You don’t live in a vacuum. No matter what, other people are a facet of everyday life for almost everyone.
Often this is a good thing. Material wealth and possessions matter far less to happiness than you might assume. Seemingly more important factors, such as fulfilling work or living location, also play a surprisingly small part in the equation. Rather, studies show that relationships with others are the biggest predictor in whether or not you’re happy. Positive, meaningful relationships also help us to get what we want, increase our chances of success and help us believe in ourselves.
But, people can also be a real buzz kill, especially when it feels like they’re dragging you down or holding you back. Some people always seem to push your buttons, while others heap negativity on you, steal your praise or otherwise behave like Kindergartners in need of behavioral remediation. For the most part, nasty people are easy to ignore, especially if you’re having a good day or they play peripheral roles in your life.
But what about when they don’t? The underpaid and verbally abused employee, the daughter who isn’t good enough for her mother, the unsupported spouse…each of these people would tell you that other people have a real, measurable impact on their happiness and their ability to get what they want out of life.
At the surface this seems like a personal problem, but an inordinate amount of psychological research is actually devoted to dealing with difficult people. In fact, they are so commonplace that social scientists have even categorized them under such headings as the constant complainer, the know-it-all expert and the pessimist.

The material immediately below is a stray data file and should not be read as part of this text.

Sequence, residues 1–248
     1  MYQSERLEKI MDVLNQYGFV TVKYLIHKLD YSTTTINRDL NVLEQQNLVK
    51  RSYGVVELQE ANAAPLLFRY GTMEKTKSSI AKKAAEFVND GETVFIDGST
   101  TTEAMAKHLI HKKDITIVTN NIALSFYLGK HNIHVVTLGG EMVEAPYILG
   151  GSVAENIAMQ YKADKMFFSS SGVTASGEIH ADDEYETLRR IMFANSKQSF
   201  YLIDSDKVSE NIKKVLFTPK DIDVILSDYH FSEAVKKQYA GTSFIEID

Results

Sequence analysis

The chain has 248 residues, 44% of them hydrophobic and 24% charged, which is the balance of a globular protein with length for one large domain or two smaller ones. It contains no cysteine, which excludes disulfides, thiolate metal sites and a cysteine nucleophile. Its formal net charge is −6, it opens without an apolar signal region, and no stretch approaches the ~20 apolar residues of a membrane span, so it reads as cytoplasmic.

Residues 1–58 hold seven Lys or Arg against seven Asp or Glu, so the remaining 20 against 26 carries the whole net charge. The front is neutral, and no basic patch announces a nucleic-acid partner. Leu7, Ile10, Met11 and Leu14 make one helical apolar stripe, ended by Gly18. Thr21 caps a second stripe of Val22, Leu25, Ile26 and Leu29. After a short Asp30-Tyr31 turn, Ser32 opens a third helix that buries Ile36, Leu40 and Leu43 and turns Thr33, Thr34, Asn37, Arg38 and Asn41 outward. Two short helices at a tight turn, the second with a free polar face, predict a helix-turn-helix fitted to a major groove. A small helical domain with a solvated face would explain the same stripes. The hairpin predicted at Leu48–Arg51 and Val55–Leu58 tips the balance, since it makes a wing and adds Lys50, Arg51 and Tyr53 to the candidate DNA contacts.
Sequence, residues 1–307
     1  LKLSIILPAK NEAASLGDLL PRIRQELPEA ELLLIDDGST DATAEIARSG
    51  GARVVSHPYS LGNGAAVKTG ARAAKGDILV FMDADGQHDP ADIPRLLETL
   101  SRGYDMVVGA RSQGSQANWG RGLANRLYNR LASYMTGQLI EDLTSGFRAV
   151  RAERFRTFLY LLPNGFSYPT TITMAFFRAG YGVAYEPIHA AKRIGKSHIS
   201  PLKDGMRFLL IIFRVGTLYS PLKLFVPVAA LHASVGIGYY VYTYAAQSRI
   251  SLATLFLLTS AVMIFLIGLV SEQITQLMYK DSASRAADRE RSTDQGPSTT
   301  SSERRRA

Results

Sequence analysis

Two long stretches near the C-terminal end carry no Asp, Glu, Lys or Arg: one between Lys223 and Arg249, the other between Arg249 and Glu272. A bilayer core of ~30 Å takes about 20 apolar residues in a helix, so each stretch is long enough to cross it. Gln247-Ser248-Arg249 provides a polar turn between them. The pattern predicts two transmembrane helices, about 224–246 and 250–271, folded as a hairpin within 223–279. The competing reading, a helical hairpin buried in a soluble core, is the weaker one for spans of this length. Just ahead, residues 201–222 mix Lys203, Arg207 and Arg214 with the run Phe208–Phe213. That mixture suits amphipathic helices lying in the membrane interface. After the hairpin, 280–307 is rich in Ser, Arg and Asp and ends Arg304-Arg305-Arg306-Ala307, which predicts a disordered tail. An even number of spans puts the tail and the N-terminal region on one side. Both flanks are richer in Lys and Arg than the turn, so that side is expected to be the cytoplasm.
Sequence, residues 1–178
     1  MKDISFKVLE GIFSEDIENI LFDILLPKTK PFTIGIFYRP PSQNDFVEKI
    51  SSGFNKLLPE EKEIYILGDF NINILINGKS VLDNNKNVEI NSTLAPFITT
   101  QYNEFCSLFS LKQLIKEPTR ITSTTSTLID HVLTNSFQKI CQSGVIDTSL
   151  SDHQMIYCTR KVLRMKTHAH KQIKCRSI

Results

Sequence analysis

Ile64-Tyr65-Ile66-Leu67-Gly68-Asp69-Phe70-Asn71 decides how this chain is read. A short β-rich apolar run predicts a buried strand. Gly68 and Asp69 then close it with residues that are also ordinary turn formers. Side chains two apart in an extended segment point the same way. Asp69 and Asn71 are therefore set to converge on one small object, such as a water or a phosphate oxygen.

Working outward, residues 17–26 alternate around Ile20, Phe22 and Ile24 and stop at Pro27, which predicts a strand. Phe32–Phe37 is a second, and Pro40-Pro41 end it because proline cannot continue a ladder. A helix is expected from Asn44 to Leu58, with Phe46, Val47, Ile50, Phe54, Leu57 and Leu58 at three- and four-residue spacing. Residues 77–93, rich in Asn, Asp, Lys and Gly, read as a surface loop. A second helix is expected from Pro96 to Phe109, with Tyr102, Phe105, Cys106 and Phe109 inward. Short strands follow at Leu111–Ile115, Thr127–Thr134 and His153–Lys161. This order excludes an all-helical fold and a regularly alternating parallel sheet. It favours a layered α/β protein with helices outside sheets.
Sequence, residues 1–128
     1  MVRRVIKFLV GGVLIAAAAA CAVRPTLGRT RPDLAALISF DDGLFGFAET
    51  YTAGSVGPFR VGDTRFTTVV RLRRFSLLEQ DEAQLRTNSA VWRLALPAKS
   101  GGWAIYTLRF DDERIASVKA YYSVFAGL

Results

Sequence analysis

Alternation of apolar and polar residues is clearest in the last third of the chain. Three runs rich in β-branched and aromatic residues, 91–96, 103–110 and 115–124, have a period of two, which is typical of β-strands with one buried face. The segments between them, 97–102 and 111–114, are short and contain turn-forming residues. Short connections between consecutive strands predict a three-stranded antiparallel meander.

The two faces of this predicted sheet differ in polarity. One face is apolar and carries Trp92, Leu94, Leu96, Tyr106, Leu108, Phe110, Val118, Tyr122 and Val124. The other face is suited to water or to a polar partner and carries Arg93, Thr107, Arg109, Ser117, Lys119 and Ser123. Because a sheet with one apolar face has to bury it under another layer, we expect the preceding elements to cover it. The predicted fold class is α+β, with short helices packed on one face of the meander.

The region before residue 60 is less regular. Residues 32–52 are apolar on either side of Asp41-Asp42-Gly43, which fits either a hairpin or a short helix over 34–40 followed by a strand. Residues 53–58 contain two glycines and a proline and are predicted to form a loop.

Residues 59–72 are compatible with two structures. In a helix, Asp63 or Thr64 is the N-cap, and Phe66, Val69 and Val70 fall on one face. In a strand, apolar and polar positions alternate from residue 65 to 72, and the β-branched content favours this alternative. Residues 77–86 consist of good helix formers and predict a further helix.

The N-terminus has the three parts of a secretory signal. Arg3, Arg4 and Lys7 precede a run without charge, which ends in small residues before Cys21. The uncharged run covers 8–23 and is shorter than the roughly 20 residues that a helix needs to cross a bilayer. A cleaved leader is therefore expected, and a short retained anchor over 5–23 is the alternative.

Not only are such people unpleasant, but Elaine Hatfield’s theory of emotional contagion predicts that even brief contact with such people can cause you to “catch” their emotions. Unhelpful.
Because I work from home, I’ve been interested lately to discover that even people with whom you communicate from far away – over the phone, say, or through email – can wreck your day with inappropriate behavior or unkind words. So the bad news is that such “work jerks” really are everywhere.
The good news is that the toolbox for dealing with such people is large and ever-expanding. For instance, simply asking narcissists to think about something from another’s point of view ups their empathy. According to Psychology Today, the best way to deal with ticking time bombs is to stay calm no matter what, while suck-ups should be dealt with through a bold declaration that you don’t want to have slimy conversations.
If the research is clear on one point, it’s that such people really do have the power to limit your productivity or ruin your day, and that you really do have options with how to deal with it. Okay, fine, that’s two points.